FAMM Condemns Mandatory Sentence for Marissa Alexander
Calls for Reform of Florida Sentencing Laws
JACKSONVILLE, FL – FAMM (Families Against Mandatory Minimums) Florida Project Director Greg Newburn today condemned the 20-year mandatory minimum sentence given to Marissa Alexander. Alexander, a 31-year old mother of three, was convicted of aggravated assault after firing a warning shot during an attack by her abusive husband.
“Florida’s mandatory 10-20-life gun law forced the Court to impose an arbitrary, unjust and completely inappropriate sentence,” Newburn said. “Because not even the appeals court can fix her sentence, Ms. Alexander’s only recourse is to ask Governor Scott for clemency. We urge him to grant her relief immediately and send her home to three her kids.” He added, “As long as Florida keeps its inflexible gun sentencing laws, we will continue to see cases like Ms. Alexander’s.”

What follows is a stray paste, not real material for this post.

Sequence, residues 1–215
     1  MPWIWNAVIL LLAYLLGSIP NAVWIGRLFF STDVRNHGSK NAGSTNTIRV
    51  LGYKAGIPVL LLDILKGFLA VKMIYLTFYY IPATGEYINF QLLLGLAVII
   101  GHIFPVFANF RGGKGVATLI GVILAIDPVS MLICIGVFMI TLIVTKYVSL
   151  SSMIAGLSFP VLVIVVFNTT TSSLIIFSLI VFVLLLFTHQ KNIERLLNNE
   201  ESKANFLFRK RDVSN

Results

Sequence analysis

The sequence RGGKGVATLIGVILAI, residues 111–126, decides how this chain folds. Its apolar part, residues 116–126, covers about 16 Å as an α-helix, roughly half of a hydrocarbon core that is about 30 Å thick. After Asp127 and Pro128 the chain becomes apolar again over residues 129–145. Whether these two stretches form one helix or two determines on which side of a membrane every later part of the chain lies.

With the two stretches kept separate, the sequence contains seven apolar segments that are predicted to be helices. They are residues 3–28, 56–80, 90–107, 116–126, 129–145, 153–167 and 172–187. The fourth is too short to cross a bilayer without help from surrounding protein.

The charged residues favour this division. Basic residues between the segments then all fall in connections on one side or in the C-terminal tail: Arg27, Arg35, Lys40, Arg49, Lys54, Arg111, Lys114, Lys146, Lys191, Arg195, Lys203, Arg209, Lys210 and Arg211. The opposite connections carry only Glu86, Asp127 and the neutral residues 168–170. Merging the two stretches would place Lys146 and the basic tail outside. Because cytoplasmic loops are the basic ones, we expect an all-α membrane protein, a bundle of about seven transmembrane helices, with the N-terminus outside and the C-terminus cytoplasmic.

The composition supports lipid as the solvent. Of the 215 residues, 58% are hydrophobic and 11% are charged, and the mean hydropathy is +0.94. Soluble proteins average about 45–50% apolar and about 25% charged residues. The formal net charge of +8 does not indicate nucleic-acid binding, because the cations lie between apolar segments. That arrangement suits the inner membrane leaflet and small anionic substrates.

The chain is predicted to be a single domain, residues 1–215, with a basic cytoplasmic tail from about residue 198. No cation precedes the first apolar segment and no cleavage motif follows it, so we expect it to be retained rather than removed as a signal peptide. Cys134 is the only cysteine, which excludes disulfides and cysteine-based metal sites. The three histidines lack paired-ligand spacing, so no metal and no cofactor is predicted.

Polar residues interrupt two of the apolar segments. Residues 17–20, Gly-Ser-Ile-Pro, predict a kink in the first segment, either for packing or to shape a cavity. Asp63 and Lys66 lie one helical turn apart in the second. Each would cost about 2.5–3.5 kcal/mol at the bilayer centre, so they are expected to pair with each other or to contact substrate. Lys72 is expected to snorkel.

Newburn hopes the Task Force designed to study Florida’s “Stand Your Ground” will consider reforms to the state’s sentencing laws, too. Newburn said, “Florida’s ‘Stand Your Ground’ law is intended to protect the fundamental right of self-defense for all Floridians. If we want to protect Floridians, judges need discretion in cases like Ms. Alexander’s.”
For information on two other strikingly similar cases, see this profile on Orville Lee Wollard and an op-ed about his case by Ms. Stewart that appeared in The Washington Times, and this FAMM profile of Erik Weyant. Wollard and Weyant are both serving 20-year sentences under Florida’s 10-20-life gun law.
FAMM is a national, nonpartisan nonprofit organization that advocates for fair and proportionate sentences. In 2010, FAMM launched a Florida project to reform state mandatory minimum sentencing laws. For more information visit www.famm.org. To schedule an interview with Florida Project Director Greg Newburn, please contact Monica Pratt Raffanel at email@example.com.